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View fiddlebanshee's profile

Will woodglue go bad?

by fiddlebanshee
posted 10-10-2018 05:10 PM


29 replies so far

View bondogaposis's profile

bondogaposis

5556 posts in 2891 days


#1 posted 10-10-2018 05:26 PM

Probably no good, you can easily tell if it “chalks” when it dries.

-- Bondo Gaposis

View Rich's profile

Rich

5001 posts in 1129 days


#2 posted 10-10-2018 05:26 PM

Their site says it’s freeze/thaw stable.

http://titebond.com/product/glues/2ef3e95d-48d2-43bc-8e1b-217a38930fa2 (bottom of the page)

Probably safer to toss it though. It’s cheap insurance. You sure don’t want to have a project fall apart.

View LittleShaver's profile

LittleShaver

597 posts in 1159 days


#3 posted 10-10-2018 05:31 PM

When in doubt, throw it out.

-- Sawdust Maker

View pottz's profile

pottz

6705 posts in 1524 days


#4 posted 10-10-2018 06:42 PM



When in doubt, throw it out.

- LittleShaver

ditto,not worth the chance.

-- sawdust the bigger the pile the bigger my smile-larry,so cal.

View waho6o9's profile

waho6o9

8786 posts in 3117 days


#5 posted 10-10-2018 06:53 PM

There’s a date code on there as well.

Excellent advice above, throw it out.

View Fred Hargis's profile

Fred Hargis

5802 posts in 3033 days


#6 posted 10-10-2018 07:11 PM

The last time i read Fanklin’s freeze warning, they suggested it was safe through 5 freeze/thaw cycles. Your may ave been through more than that. I’d probably toss it, but you could test it and see what happens.

-- Our village hasn't lost it's idiot, he was elected to congress.

View lumbering_on's profile

lumbering_on

578 posts in 1030 days


#7 posted 10-10-2018 07:23 PM

Glue up some test wood and see what happens. If nothing else, you’ll get to take some frustration out by bashing some wood around.

View DrDirt's profile

DrDirt

4592 posts in 4282 days


#8 posted 10-10-2018 08:08 PM

not worth messing with. Rather spend an additional 8 bucks for a 16 ounces of glue, than have a joint fail.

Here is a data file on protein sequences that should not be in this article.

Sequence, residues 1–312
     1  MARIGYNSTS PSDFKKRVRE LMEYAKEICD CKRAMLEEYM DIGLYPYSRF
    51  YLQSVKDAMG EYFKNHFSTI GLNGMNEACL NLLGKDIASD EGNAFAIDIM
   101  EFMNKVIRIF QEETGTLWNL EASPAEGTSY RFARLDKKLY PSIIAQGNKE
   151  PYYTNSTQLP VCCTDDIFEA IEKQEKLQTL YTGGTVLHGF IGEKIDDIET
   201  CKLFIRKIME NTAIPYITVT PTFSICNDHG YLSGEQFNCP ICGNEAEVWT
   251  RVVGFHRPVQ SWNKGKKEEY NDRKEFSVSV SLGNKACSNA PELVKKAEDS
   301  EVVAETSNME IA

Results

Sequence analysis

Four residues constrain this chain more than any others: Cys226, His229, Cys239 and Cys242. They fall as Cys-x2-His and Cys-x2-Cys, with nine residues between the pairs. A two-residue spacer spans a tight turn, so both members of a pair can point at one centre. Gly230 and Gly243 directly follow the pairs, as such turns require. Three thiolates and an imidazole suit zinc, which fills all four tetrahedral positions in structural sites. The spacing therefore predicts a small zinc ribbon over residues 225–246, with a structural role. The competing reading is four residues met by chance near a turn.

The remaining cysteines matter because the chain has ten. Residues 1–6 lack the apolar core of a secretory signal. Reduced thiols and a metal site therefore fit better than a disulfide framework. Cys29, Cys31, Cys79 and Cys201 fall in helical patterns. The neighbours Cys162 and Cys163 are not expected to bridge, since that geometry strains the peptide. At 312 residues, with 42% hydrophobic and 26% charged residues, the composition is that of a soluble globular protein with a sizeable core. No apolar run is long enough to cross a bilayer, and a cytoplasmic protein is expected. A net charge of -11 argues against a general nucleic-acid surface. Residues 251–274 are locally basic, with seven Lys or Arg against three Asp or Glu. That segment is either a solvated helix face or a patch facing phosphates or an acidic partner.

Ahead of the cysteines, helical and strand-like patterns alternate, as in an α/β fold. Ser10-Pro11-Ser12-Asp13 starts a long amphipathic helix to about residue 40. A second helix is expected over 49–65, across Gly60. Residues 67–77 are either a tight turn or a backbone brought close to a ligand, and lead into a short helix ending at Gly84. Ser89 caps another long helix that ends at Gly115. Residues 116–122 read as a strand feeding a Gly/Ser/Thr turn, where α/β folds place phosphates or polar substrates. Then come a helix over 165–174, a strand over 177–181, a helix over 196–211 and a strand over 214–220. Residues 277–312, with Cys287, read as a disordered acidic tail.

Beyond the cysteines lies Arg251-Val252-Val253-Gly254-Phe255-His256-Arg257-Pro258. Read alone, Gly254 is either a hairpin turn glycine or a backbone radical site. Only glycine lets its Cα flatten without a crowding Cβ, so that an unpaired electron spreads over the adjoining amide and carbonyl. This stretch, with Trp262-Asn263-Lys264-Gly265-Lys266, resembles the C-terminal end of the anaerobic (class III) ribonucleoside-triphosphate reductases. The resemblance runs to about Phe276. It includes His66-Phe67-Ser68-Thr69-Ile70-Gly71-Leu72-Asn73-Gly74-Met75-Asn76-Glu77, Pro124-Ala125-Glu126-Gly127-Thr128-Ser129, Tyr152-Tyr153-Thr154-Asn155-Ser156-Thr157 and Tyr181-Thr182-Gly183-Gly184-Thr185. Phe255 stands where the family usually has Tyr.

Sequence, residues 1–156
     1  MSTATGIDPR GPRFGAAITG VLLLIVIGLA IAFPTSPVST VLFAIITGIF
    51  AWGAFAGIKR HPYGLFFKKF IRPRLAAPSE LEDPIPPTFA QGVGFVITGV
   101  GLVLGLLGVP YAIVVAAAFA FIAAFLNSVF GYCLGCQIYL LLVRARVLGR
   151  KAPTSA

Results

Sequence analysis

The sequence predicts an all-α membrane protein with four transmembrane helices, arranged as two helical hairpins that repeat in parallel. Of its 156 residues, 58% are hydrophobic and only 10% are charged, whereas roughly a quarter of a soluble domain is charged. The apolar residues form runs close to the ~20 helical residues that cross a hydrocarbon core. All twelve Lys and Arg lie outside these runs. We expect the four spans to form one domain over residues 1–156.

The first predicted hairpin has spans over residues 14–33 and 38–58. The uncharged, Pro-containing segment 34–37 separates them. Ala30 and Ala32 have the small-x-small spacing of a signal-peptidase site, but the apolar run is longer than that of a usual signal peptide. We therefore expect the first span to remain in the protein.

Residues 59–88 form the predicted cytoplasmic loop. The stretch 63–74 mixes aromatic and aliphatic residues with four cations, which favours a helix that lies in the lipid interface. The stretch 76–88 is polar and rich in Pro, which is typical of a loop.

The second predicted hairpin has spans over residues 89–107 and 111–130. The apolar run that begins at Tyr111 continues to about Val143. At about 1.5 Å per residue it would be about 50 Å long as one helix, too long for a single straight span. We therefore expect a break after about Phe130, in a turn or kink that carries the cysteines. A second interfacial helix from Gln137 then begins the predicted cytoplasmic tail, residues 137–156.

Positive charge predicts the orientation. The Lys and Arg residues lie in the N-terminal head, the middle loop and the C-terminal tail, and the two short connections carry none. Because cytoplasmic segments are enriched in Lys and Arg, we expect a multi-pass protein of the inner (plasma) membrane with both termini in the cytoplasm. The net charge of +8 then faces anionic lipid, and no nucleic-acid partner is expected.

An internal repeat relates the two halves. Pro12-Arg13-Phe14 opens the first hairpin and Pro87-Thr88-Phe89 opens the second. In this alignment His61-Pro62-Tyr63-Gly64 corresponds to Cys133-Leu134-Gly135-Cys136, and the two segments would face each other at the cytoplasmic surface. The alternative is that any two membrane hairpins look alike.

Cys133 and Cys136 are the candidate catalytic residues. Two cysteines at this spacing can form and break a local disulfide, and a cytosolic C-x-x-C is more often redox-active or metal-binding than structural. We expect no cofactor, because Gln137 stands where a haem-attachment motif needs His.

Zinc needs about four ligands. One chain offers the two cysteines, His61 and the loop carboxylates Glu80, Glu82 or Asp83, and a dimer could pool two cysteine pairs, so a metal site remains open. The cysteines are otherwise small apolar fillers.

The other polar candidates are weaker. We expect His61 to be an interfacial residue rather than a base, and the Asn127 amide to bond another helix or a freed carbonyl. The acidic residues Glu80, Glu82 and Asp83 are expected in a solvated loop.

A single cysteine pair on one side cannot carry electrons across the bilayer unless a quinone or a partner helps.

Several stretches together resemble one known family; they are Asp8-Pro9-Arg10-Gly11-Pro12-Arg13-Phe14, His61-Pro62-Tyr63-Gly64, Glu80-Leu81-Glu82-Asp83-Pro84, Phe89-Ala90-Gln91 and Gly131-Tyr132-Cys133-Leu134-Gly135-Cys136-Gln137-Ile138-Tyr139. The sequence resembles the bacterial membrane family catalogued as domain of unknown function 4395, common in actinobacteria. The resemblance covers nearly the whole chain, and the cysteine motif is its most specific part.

-- “The two most important days in your life are the day you are born and the day you find out why.” Mark Twain

View MrRon's profile

MrRon

5770 posts in 3783 days


#9 posted 10-10-2018 09:21 PM

Take your glue into the house when freezing is eminent. A good way is to store glue in a styrofoam box and keep it up off the ground.

View 000's profile

000

2859 posts in 1439 days


#10 posted 10-10-2018 10:01 PM

If it doesn’t seem too thick, use it.
Test may be in order, but I think it’s fine if it hasn’t thickened.
Give it a good stir first.

If your building a heirloom, throw it out.

View woodbutcherbynight's profile

woodbutcherbynight

5974 posts in 2949 days


#11 posted 10-11-2018 12:52 AM


If your building a heirloom, throw it out.

- jbay

+1 better safe than full of regret. Just saying. LOL

-- Live to tell the stories, they sound better that way.

View Gerald Thompson's profile

Gerald Thompson

1224 posts in 2774 days


#12 posted 10-11-2018 01:07 AM

I can’t find the out date codes.

-- Jerry

View PCDub's profile

PCDub

152 posts in 784 days


#13 posted 10-11-2018 01:20 AM

A friend who bought a new house last year found a nearly full bottle of TB II in the garage this spring. It was very thick; I thinned it with water and stirred it thoroughly—there was something we HAD to glue, so we did… worked fine!
Not sure I’d use it on an heirloom, as others have said, but it does work!

View waho6o9's profile

waho6o9

8786 posts in 3117 days


#14 posted 10-11-2018 01:47 AM

Titebond’s new website doesn’t have the date code explanation any more.

Technical Support Team at 1-800-347-4583, Monday – Friday, 8 a.m. – 5:00 p.m. EST.

The A means it was made in America and I’m not sure how to decipher the number part of the date code
on the TB III bottle.

View Lazyman's profile

Lazyman

4089 posts in 1927 days


#15 posted 10-11-2018 04:43 AM

4 is the last digit of the year so 2014 (I think they used a different code back in 2004)
06 is month
23 is day.

Personally, I don’t buy Titebond glue anymore, i have had had 3 bottles now go bad with code dates under 2 years old. One bottle had only been used once but the last time I tried to use it, it had started to solidify in the sealed bottle. Only time I’ve ever had a glue joint fail was with TB3 with a code date less than a year old. On the other hand I have a gallon jug of Elmer’s carpenter glue that is still half full that I bought in 2014 that stills works just fine, though I am starting to think it might be time to throw it out.